I decided to keep my they/them pronouns, and I traded “lesbian” back in for “queer.” My nonbinary identity felt right to me even through my detour into butchness, because whenever it was celebrated, my self-image would noticeably improve. Every time someone used my pronouns correctly, I’d notice how good it felt in my body. Letting go of “masc” or “fem” modes of presenting and just wearing what I wanted to wear let me stop being so obsessive about my appearance—something that had upset me and bogged me down for much of my life.
Abandoning lesbianism, though I only claimed it briefly, also felt like a final departure from womanhood. I kept revisiting lesbian discourse from the ‘80s and ‘90s about butch lesbians and trans people. Trans essayists wrote often about cis lesbians’ claim that nonbinary people were leaving womanhood. Nonbinary identity was an easy way out of the patriarchy in order to escape the troubles of womahood, they posited. I understand this accusational impulse, though it isn’t the correct one. In any community built on solidarity, we want to keep our people close, not lose them to our oppressors.
In the months that followed my final confirmation of my nonbinary identity, I started reflecting on how I experience attraction and love, and the many boxes in which I’ve placed myself.
To be frank, I realized I’ve always been attracted to men. I tried to ignore this attraction to align with butch lesbianism, but it’s ever-present. Shortly after my trial run with the label of “lesbian,” I started romantically talking with my current boyfriend. I very quickly recognized that, when faced with guys who are humble and warm, I definitely desire men.
And honestly, the more I converse with other trans people, the more I notice that my attraction to butch lesbianism was an example of my own internalized transphobia. Dating mostly women meant I was always catering to some kind of feminine gaze. Pushing to be in these partnerships with mostly cis lesbians was a way of subsconiously telling myself that in order to be desirable to cis women, I needed to become one myself.
For the months that it served me, “butch lesbian” was a catch-all term for my disjointed feelings that I still don’t know how to define. I want to be able to tell everyone I meet that I have felt too intense for my body sometimes, and for everyone to immediately know what that means without me having to say anything more. That’s the freedom of claiming butchness or masculinity—there’s a word that says it all, no explanation needed. Nonbinary identity has no such privilege.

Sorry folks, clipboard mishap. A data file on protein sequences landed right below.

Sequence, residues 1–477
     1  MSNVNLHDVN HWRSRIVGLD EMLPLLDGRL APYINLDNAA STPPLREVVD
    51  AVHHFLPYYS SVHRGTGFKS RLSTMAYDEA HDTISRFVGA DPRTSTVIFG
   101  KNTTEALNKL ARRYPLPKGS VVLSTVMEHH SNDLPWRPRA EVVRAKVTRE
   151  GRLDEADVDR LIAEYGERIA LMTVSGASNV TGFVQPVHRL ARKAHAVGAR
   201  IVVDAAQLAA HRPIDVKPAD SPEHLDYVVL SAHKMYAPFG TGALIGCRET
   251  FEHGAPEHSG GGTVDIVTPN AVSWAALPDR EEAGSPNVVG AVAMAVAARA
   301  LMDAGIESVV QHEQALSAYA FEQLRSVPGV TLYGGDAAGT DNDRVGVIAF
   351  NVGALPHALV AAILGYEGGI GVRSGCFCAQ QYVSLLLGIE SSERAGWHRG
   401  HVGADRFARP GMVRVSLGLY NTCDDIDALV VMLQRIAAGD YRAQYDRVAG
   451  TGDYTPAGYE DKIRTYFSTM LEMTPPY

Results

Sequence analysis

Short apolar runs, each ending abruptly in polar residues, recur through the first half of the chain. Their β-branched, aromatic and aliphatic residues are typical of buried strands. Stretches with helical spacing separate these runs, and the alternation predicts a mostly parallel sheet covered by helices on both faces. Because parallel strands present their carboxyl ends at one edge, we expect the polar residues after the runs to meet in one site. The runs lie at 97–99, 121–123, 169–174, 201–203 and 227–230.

Though “nonbinary” is often associated with aesthetics of androgyny, passing as nonbinary is actually impossible. No matter how many “nonbinary looks” are conjured on TikTok, “they/them” pronouns are never assumed at the coffee shop, at the airport, or by professors. Nonbinary people can present as close to or as far from binary gender as they want. My nonbinary identity could look the exact same was as my cis woman identity did. My desire to have a definite word like “butchness” came from my desire to be recognizable as something; I could pass as butch. I cannot pass as nonbinary.
But as good as it would feel to be able to pass in some respect, it’s harmful to demand that passing as nonbinary ever could happen. The act of passing would indicate a standardization of nonbinary identity. That would feel good on an individual level, yes—identity is lonely, and we want to know that there are people just like us. But having a standardized nonbinary look creates a need for assimilation; a demand for nonbinary people to look a certain way. But nonbinary identity is named for its act of negation, the “non” binary. Gender labels must be ways to hold difference, not create sameness. We must stand alongside each other, not look at each other as mirrors.
These days, my boyfriend will sometimes look over at me and say “Lillian, you really are nonbinary. I don’t think there’s anything else you could be.” Something about the way he—my also-trans, also-self-interrogating, also-artist lover—says this to me feels unspeakably tender. When he says it, my palms ache in the way they always do when I feel deeply known.
Yet still, sometimes I wonder what came first—the identity or the label. Am I nonbinary because that’s an identity I granted myself? Or does being nonbinary open me up to something in myself that had been demanding release anyway?
Of course there are other things I could be. There always are. But this is the one I want. This is the one that makes me feel like nothing is missing or being sacrificed.
In December, I got the androgyne symbol tattooed right above the center of my collarbone. I do not present as androgynous, nor do I think that nonbinary identity is synonymous with androgyny. Rather, I identify with the androgyne presented by Plato and Aristophanes in Symposium: beings who have everything in them already, men and women merged together to create the unrecognizable, those who spend their whole life searching for whatever will make them whole while also knowing that they’re already whole, bound in companionship and solitude at once.
I’d call this the nonbinary impulse. This drive to overwhelm, to double over, to double back, is all that recognizes me. This drive to know everyone to this depth, this intimacy, this intensity of disjointed and ever-changing difference, is that to which I must hold.
Leslie Feinberg and Stone Butch Blues provided me with a set of questions with which to consider my gender and my sexuality. Jess’s story was a framework, a fictional narrative that I could use as a guide. Butch lesbianism as a concept and identity marker served me well while it could; the parts of the label that didn’t work for me turned out to be exactly what I needed to truly clarify what I actually recognize myself as.
I’m sure my labels are bound to change again over the course of my life. Until then, though, I hold who I used to be and who I am now with care and softness. One need not know it all on the first try. With queerness, one can always circle around and try again with lessons learned, clearer and clearer with each attempt at comprehending oneself. That, I think, is at the heart of each label—regardless of meaning, association, expression, or community.
Photo by Ella Boucht.